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Hope for Creation in Humanity’s Renewal

It was heartening to hear on Friday that the Brazilian government has pledged to end net deforestation by 2015. That is one of the key commitments in a draft climate change plan, which stops short of setting specific targets for reducing greenhouse gas emissions. But it sets out how Brazil will help tackle climate change by promoting specific actions. At present deforestation accounts for 75% of the country's emissions and it aims to reduce forest loss to a point where by 2015, more Brazilian trees are being planted than are cut down. According to the Environment Minister Carlos Minc, this will be possible through an aggressive programme of restoring native forests, as well as further crackdowns on illegal logging.

Putting People in their Place
One of the things that we have begun to realize is that we face the real possibility that our own actions as human beings could bring about the collapse of all that we have tried to build in this world. Human actions have caused damage through waste, pollution, burning of fossil fuels, deforestation, the mass extinction of wildlife. Most realize that there needs to be urgent change.

But at the same time there is amongst many a crisis of confidence in our ability as human beings to make the changes we need. Environmentalists point out that governments and scientists have known what we are doing for years and yet very little has happened to change things until recently. Even today some are in denial – the truth is simply too inconvenient when it affects our lifestyles and may interfere with our comforts. It seems there is something profoundly self-destructive about human nature itself. Is anything capable of changing people and societies, of dealing with our selfish genes, of transforming human nature?

Humanity Transformed?
In his book A Short History of Nearly Everything the American
writer Bill Bryson gives an entertaining and informative overview of the history of science. Towards the end of the book he reflects on all that humanity has achieved in terms of science and technology. He describes the problems that we still face, including environmental ones. Our track record has not been great. Finally, Bryson says: “If you were designing an organism to look after life in our lonely cosmos, to monitor where it is going, and keep a record of where it has been, you wouldn’t choose human beings for the job. But here’s an extremely salient point – we have been chosen, by fate or providence or whatever you wish to call it. As far as we can tell, we are the best there is.”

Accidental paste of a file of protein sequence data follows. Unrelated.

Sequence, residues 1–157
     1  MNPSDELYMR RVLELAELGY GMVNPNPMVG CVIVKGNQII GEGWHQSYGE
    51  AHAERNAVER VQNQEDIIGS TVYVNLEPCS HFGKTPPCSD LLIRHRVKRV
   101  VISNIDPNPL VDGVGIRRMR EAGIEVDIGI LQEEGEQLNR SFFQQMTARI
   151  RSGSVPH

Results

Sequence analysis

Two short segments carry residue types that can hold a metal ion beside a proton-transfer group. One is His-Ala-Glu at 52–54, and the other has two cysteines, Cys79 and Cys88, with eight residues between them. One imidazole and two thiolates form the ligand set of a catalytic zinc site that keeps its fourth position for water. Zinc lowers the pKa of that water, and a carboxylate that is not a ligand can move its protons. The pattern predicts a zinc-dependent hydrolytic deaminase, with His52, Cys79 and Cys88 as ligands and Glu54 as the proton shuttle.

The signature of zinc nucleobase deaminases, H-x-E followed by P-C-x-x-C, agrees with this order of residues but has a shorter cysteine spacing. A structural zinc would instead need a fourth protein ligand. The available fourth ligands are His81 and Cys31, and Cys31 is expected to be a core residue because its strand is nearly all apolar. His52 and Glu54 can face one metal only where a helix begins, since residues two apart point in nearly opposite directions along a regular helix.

If, as Bryson says, we are the best there is, what hope is there? At the heart of the issue is this. If there is a crisis of confidence in humanity’s ability to make a real difference to the environmental crisis, can Christian faith help? Over the past few years there have been an increasing number of senior leaders, often not people of personal religious faith themselves, who have made open appeals for Christian and other faith communities to get involved in tackling the environmental crisis. There is a growing recognition that technology, science, innovation and political will can only get us so far, because this is at root a moral and spiritual crisis.

Christian faith believes that it is possible for people to change. The good news at the heart of the gospel is that we do not have to stay lost forever in the mess we have made – whether that mess is in terms of our relationship with God, or in terms of the state of the planet. Our readings today focus on the possibility of change.
Our Epistle from Philippians 2 encourages us to have the attitude of Christ Jesus who gave up the glories of heaven to be born, to live, to die for us. It challenges us to have the servant attitude that Jesus had. Applying that to the care of creation, it is a challenge to work out our dominion over the earth and its creatures with the same attitude of humble servant-hearted sacrifice that Jesus displayed.